15 December 2005 | Anusha Bradley
Public-sector purchasing practice is being investigated after a study found it holds back innovation.
The Confederation of British Industry told it planned to probe further after a survey it conducted with Qinetiq found government held up innovation by failing to adopt ideas early.
Eleven universities and 163 firms were quizzed for the study, in which 69 per cent of respondents said lack of purchasing skills were a "major problem" for innovation. The government's difficulty in identifying problems and finding solutions was raised by 64 per cent of participants.
The Department for Culture, Media and Sport (DCMS), Department for Transport (DfT), Ministry of Defence, and departments of health, trade, education and constitutional affairs were highlighted as the organisations respondents did most business with.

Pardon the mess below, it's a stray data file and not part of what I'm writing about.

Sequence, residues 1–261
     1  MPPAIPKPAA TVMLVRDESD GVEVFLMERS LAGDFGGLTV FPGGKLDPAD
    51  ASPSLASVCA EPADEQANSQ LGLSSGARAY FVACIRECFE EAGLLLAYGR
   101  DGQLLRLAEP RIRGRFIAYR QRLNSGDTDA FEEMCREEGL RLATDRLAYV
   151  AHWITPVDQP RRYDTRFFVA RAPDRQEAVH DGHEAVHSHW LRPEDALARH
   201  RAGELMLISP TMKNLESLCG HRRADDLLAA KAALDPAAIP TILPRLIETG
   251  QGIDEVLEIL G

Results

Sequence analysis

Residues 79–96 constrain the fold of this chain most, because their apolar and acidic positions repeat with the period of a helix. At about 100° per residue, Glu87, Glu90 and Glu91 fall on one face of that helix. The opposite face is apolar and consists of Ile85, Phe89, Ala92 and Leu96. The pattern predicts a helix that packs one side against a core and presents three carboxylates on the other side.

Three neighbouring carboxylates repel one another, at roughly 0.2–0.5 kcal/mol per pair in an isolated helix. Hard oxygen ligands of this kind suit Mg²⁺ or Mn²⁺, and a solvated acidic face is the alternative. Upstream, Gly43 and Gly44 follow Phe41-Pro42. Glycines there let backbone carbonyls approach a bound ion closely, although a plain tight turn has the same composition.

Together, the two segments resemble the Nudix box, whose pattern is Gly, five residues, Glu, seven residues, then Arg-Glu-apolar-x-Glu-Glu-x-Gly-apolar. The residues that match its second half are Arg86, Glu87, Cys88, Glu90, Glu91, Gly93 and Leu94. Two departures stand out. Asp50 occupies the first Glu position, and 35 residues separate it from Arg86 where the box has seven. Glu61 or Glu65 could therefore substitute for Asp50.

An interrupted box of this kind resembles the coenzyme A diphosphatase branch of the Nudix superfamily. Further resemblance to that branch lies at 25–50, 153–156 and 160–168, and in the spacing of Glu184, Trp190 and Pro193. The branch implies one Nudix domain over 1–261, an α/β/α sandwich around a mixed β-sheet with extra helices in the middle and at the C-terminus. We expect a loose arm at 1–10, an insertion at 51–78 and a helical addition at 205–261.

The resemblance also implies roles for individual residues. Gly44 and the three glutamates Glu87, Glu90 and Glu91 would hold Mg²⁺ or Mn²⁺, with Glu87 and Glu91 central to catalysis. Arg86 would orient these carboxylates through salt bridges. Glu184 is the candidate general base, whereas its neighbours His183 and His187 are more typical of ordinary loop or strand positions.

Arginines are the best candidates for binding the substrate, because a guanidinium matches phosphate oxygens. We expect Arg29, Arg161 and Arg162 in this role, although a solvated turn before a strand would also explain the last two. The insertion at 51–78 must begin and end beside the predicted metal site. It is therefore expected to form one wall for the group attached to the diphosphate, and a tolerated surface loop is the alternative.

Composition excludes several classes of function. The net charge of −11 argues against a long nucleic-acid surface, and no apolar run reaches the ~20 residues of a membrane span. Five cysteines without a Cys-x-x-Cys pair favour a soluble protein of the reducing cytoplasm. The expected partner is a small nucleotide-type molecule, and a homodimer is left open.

While the report said no department fared particularly well, DfT and DCMS were "significantly worse than average".
Tim Bradshaw, CBI's senior policy adviser for technology and innovation, told SM: "Anecdotal evidence shows people in procurement are focused on short-term cost issues, rather than long-term innovation."
He said despite high-level commitment to the idea, those buying goods and services at a local authority or departmental level aren't considering innovation.
A DCMS spokesman said it would review the report, published at the end of November, and look closely at its conclusions.
An Office of Government Commerce spokesman said it was "working closely" with the Department of Trade and Industry, which is responsible for government innovation policy.
He said a number of initiatives were underway including a pilot "ideas portal". Firms, inventors and researchers can use it to submit unsolicited proposals which the public sector can view and match to problems or demand.